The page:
Back in May, a Serbian man embarked on a journey we ourselves don't have the cojones for: he cut off his own hand to have it replaced with a bionic one. To be fair, "Milo," as he's pseudonymically known, was in a terrible motorcycle accident some ten years earlier, skidding from his bike shoulder-first into a lamppost, so it wasn't exactly a cosmetic choice. After many surgeries, he regained much of the use of his arm--but not his right hand, which remained paralyzed. This year, he opted for surgery to replace his now-useless hand with a prosthesis.
Like DARPA's robotic arm, this prosthetic hand from German company Otto Bock boasts naturally-controlled movement. In this case, you don't even have to connect the nerves from the arm to the hand--it's sensitive enough to pick up signals via two sensors placed on his forearm, picking up nerve stimuli very similar to those that trigger movement in organic hands. The Otto Bock hand boasts three degrees of movement (rotation, bending/flexion, and extension) and can both pinch and perform a full-hand grip. There's always room for improvement, as this video shows, but it's a remarkably capable device.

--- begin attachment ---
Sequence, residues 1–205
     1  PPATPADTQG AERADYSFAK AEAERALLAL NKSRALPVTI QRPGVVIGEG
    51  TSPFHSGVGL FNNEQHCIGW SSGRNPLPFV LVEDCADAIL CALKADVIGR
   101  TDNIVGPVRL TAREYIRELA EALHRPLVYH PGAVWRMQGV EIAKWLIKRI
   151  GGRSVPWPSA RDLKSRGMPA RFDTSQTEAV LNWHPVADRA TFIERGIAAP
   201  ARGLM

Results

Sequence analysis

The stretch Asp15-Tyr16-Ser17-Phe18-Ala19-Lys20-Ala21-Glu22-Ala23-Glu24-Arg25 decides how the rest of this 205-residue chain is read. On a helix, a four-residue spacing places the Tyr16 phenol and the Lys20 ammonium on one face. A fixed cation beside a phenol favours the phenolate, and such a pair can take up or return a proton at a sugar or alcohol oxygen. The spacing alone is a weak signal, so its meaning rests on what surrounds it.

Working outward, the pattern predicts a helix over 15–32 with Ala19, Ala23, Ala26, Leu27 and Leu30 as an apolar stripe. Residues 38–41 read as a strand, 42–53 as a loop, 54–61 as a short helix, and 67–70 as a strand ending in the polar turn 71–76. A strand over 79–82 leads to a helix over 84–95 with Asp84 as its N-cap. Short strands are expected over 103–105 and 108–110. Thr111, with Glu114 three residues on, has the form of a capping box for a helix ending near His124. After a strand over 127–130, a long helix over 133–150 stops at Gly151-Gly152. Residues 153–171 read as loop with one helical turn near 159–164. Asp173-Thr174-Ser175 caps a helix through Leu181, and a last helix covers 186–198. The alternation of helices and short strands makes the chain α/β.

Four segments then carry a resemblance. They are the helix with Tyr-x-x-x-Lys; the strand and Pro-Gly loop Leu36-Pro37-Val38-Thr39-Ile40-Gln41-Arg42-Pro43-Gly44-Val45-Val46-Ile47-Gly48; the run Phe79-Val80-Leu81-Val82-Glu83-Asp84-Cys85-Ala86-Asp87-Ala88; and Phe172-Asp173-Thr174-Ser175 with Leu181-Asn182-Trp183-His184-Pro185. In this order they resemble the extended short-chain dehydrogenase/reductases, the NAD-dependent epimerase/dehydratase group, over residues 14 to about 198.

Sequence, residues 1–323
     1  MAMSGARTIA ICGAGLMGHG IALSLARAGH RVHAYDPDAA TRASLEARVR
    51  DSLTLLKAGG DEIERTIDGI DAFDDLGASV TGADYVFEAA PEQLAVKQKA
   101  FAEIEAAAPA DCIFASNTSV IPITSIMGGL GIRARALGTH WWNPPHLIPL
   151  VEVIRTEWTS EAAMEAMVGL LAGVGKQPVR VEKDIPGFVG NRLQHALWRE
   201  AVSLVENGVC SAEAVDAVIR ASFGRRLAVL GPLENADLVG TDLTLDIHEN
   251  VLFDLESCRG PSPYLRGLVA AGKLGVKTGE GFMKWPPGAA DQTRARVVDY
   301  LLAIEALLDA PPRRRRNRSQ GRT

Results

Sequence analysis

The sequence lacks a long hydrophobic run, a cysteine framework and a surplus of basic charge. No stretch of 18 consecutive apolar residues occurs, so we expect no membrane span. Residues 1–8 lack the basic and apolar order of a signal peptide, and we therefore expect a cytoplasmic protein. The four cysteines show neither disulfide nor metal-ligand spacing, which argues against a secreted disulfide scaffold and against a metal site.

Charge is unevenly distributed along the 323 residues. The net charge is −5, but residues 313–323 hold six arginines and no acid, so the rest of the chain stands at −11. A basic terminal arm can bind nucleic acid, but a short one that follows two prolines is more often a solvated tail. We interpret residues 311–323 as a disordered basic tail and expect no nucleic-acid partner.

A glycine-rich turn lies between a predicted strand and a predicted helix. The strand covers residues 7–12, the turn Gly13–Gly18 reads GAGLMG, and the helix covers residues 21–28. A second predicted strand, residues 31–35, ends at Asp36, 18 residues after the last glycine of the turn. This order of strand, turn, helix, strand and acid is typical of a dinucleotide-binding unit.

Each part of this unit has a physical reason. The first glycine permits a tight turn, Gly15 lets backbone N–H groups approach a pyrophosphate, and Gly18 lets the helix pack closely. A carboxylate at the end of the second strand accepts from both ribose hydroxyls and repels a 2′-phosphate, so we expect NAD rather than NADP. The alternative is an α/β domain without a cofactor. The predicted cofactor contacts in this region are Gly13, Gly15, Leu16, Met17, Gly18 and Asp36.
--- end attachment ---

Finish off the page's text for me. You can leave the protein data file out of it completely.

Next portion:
Milo wasn't the first to volunteer to be fitted with an Otto Bock hand--the same surgeon, Austrian Dr. Oskar Aszmann, performed this surgery about a year before on a man named Patrick with a similarly dead hand, this time due to electrocution. Patrick can now tie his shoes and open bottles, which are two of my favorite activities. If it's good enough for these men, it's certainly good enough for me.
Current status: Available now.
Runners-Up: The Stark hand, the i-LIMB